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Dec 1st, 2008

Bombs Tear Through Baghdad, Mosul

At least 33 dead in suicide attacks on police academy, joint patrol

Image: Baghdad bomb attacks site.
U.S. soldiers and Iraqi police secure the site of bomb attacks at a police academy in eastern Baghdad on Monday, Dec. 1, 2008. (Photo credit: Thaier Al-Sudani / Reuters

Dec. 1, 2008

BAGHDAD — A series of bombs struck U.S. and Iraqi security forces in Baghdad and the northern city of Mosul on Monday, killing at least 33 people and wounding dozens including four U.S. soldiers and an Iraqi general.

The bloody attacks came less than a week after the Iraqi parliament approved a security pact with the United States that lets the Americans stay in Iraq for three more years.

At least 16 people were killed in a nearly simultaneous double-bombing near a police academy in eastern Baghdad. A suicide attacker detonated his explosives vest packed with ball-bearings at an entrance to the academy, then a car bomb exploded about 150 yards away, apparently aimed at those responding to the initial blast, the U.S. military said. …

Scene of carnage

Bloodied police uniforms and a military boot left by victims were scattered with the crumpled metal hulk of the car bomb on the charred street in the aftermath of the bombing, according to Associated Press Television News footage. …

Those killed included five policemen and 11 recruits, and nearly 50 were wounded, according to police and hospital officials …

The twin bombings occurred shortly after a roadside bomb elsewhere in Baghdad targeted Maj. Gen. Mudhir al-Mola, a senior government official overseeing affairs related to U.S.-allied fighters who recently have been turned over to government control in the capital. …

Another roadside bomb struck a police patrol in eastern Baghdad, killing one officer and wounding four other people.

Attack in Mosul

In Mosul, a suicide car bomber detonated his explosives as a joint U.S.-Iraqi convoy drove by in a crowded commercial area, a police officer said.

Mohammed al-Nuaimi, a 30-year-old employee of a nearby tire store, said local businessmen had received verbal warnings that the explosion would occur so they should evacuate the area.

“We started to close our shops and people were trying to flee when a U.S.-Iraqi convoy passed. One minute later, a big explosion took place and I was thrown to the ground and lost consciousness,” he said in a telephone interview from his hospital bed.

At least 15 people were killed and 30 wounded in that attack, the officer said. …

Conflict in Iraq video

Bombs kill dozens in Iraq (MSNBC, Dec. 1, 2008) — Suicide attacks in Baghdad and Mosul kill at least 31 people. MSNBC’s Contessa Brewer reports. (00:26)


NPR Journalists’ Car Bombed in Baghdad

Nov. 30, 2008

BAGHDAD — An American journalist for National Public Radio and three Iraqi colleagues escaped injury Sunday when a bomb attached to their car exploded as it was parked along a street in west Baghdad.

Ivan Watson, a 33-year-old reporter for NPR on temporary assignment in Iraq, said he had gone to interview people in a kebab cafe a few yards from an Iraqi army checkpoint.

Watson, who is normally based in Istanbul, Turkey, was accompanied by producer and translator Ali Hamdani and two drivers who refused to be named for security reasons.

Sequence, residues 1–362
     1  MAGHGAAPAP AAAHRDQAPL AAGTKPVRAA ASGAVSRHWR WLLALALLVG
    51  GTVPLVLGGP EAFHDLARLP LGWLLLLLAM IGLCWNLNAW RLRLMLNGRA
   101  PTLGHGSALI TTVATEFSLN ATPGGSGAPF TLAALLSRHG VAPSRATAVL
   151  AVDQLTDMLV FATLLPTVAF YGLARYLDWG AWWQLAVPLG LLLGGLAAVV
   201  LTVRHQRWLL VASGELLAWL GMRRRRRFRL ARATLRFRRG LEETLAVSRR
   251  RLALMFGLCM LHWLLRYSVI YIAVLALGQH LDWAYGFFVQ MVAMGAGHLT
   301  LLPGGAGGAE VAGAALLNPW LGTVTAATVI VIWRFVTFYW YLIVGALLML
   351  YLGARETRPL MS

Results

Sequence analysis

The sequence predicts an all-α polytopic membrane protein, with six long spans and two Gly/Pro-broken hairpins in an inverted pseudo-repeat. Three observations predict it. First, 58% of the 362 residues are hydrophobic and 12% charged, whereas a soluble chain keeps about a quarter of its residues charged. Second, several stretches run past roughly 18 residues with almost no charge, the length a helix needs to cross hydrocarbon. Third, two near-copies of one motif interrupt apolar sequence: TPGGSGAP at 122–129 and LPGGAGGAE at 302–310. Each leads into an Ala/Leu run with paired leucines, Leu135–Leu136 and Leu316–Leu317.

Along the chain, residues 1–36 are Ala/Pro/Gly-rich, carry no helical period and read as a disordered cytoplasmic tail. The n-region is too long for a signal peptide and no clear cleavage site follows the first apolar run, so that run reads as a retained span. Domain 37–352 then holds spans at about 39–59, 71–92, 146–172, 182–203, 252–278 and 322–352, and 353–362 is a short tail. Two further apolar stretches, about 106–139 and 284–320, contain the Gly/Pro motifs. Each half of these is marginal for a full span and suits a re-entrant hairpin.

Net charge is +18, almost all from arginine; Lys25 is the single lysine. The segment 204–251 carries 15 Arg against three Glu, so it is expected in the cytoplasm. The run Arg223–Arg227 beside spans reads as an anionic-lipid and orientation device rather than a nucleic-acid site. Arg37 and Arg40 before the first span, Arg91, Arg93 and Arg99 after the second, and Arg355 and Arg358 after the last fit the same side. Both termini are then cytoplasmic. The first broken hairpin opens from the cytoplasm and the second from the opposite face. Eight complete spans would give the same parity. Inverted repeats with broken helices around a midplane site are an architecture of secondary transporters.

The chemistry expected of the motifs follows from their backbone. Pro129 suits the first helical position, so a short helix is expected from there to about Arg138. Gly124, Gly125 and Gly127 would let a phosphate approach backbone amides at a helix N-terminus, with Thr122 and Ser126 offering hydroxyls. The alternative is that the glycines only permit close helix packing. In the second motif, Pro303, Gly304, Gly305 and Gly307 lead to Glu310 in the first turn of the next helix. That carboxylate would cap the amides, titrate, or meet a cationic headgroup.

The group returned to their armored car, which was parked out front, about 45 minutes later but were stopped by Iraqi soldiers who said they had been informed minutes earlier that a bomb was attached to the car, Watson said.

The bomb, which had been placed underneath the driver’s side, exploded about 15 feet from the NPR journalists. It destroyed the car but nobody was injured, according to NPR. …

Use of so-called “sticky bombs” attached to cars, buses and trucks has become increasingly common in Baghdad since increased security has made it difficult for extremists to use truck bombs.


South Korea Ends Iraq Deployment, Troops Head Home

Dec. 1, 2008

IRBIL, Iraq — A South Korean general offered a wish for peace in Iraq on Monday as his troops ended a five-year reconstruction mission in the country — the latest departure from the dwindling U.S.-led coalition.

The South Koreans are among troops from 13 countries being sent home in advance of the Dec. 31 expiration of the U.N. mandate that authorized military operations in Iraq. The South Koreans will begin leaving Wednesday and are all due to depart by Dec. 20, the country’s military said. …

At its height, the coalition numbered about 300,000 soldiers from 38 countries — 250,000 from the United States, about 40,000 from Britain, and the rest ranging from 2,000 Australians to 70 Albanians.

Besides the Americans, the only coalition troops to remain in Iraq after the mandate expires will be the United States’ biggest ally, Britain, as well as Australia, El Salvador, Estonia and Romania. …

The U.S. now has more than 150,000 troops in Iraq, compared with 4,000 for Britain, the second-largest contributor. Those countries whose troops remain in Iraq will negotiate their own agreements with the Iraqi government. …

Some South Koreans believed participating in the Iraq operation would strengthen ties to the United States.

However, the deployment has been unpopular among some South Koreans, who generally view the U.S.-led war in Iraq as unjust. …

2 Responses to “Bombs Rip Through Iraq Cities”
  1. Immelman for Congress » Blog Archive » Iraq-Afghanistan Casualties Says:

    […] Bombs Rip Through Iraq Cities […]

  2. Immelman for Congress » Blog Archive » Afghan Policeman Kills US Troops Says:

    […] Bombs Rip Through Iraq Cities […]

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